In this case, as the district court aptly explained, Defendant did not have an objectively reasonable expectation of privacy in his computer in light of the parole agreement. Defendant explicitly agreed that parole officers could search Defendant's person, residence, and any other property under his control. Defendant also specifically agreed that his computer was subject to search and inspection by parole services at any time. Defendant knowingly signed the parole agreement. Defendant was thus on notice that the contents of his computer were not private and that his computer was subject to seizure and inspection at any time. Moreover, officers had a warrant for Defendant's arrest and reasonable suspicion he was viewing child pornography. Considering all the relevant circumstances, see Angevine, 281 F.3d at 1134, parole officers were clearly entitled to search and inspect Defendant's computer. Additionally, because Defendant had packed his computer in a box and sealed it with tape, parole officers had to seize the computer in order to conduct an off-site inspection of its contents. See United States v. Upham, 168 F.3d 532, 535 (1st Cir. 1999) (noting "it is no easy task to search a well-laden hard drive by going through all the information it contains," and that an off-site inspection is reasonable if the "search for images . . . could not readily have been done on the spot").(3) The seizure and subsequent off-site search of Defendant's computer was reasonable and did not violate the Fourth Amendment. The district court's order is therefore AFFIRMED.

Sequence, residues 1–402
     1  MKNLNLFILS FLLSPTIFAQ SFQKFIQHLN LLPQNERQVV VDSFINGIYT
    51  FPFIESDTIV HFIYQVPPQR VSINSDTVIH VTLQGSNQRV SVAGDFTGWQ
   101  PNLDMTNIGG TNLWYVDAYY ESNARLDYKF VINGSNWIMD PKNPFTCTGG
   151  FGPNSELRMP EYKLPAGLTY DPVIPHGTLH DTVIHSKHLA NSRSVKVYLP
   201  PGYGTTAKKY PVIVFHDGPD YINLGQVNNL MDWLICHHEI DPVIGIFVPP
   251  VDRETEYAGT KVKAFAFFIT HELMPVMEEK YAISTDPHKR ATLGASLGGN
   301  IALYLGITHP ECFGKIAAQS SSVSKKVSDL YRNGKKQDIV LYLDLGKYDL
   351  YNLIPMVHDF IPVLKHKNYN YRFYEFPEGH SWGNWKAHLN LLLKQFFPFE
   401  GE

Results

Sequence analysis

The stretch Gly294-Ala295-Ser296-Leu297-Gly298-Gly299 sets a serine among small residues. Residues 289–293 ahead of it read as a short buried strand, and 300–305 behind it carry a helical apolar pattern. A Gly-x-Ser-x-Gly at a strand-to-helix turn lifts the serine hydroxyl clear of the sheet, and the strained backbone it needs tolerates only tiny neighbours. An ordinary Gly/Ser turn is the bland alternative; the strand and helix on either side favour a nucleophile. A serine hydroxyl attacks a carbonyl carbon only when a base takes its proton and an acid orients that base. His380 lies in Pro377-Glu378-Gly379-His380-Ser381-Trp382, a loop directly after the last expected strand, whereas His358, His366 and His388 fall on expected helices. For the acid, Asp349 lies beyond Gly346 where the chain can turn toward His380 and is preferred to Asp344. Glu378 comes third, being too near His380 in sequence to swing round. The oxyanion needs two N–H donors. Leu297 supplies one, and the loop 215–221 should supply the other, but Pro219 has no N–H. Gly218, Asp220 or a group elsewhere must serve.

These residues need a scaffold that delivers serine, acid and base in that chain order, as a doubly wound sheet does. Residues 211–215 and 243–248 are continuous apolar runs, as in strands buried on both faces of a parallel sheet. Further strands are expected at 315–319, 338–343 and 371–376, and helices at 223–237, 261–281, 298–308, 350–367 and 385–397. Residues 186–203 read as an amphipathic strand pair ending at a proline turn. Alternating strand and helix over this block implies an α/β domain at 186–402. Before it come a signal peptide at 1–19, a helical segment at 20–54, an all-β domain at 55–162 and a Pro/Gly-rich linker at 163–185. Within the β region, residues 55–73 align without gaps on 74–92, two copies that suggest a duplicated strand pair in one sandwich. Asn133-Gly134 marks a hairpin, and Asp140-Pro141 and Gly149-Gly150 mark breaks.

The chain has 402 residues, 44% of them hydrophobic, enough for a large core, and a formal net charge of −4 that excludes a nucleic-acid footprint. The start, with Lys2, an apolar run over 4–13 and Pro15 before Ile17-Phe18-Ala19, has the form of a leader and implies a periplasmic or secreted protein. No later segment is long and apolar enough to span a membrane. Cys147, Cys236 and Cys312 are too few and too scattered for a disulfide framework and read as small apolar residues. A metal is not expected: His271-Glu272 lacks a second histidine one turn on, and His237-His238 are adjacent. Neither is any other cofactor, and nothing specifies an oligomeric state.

Entered for the Court
Bobby R. Baldock
*. This order and judgment is not binding precedent, except under the doctrines of law of the case, res judicata, and collateral estoppel. The court generally disfavors the citation of orders and judgments; nevertheless, an order and judgment may be cited under the terms and conditions of 10th Cir. R. 36.3.
2. After examining the briefs and appellate record, this panel has determined unanimously that oral argument would not materially assist the determination of this appeal. See Fed. R. App. P. 34(a)(2); 10th Cir. R. 34.1(G). The case therefore is ordered submitted without oral argument.
1. The district court found, and Defendant apparently does not dispute, that parole officers had reasonable suspicion to search his house and property. See United States v. Knights, 534 U.S. 112, 121 (2001) (holding officers need only reasonable suspicion of criminal activity to conduct a search of a parolee's house when he is subject to a parole agreement); see also United States v. Tucker, 305 F.3d 1193, 1199 (10th Cir. 2002) (same). The district court properly and thoroughly analyzed this issue and we need not reiterate it here. Accordingly, we focus exclusively on Defendant's argument, as does he, that the subsequent seizure and off-site search of his computer was unlawful.
2. Defendant's argument that we should focus exclusively on his "possessory interests" in the computer rather than his privacy interests is misguided. Although a "seizure" has been defined as a meaningful interference with an individual's "possessory interest" in property, see United States v. Jacobsen, 466 U.S. 109, 113 (1984), the Supreme Court has cautioned that "the principal object of the Fourth Amendment is the protection of privacy rather than property." Warden v. Hayden, 387 U.S. 294, 304 (1967); see also Knights, 534 U.S. at 118-19.
3. Like the district court, we reject Defendant's argument that he consented to a search of his computer by parole services but not by the Overland Park Police Department. Parole services did not have the expertise to search Defendant's computer once it was lawfully seized. Therefore, it was entirely reasonable for parole services to request the assistance of the Overland Park Police Department in conducting the search. See United States v. Lewis, 71 F.3d 358, 362 n.3 (10th Cir. 1995).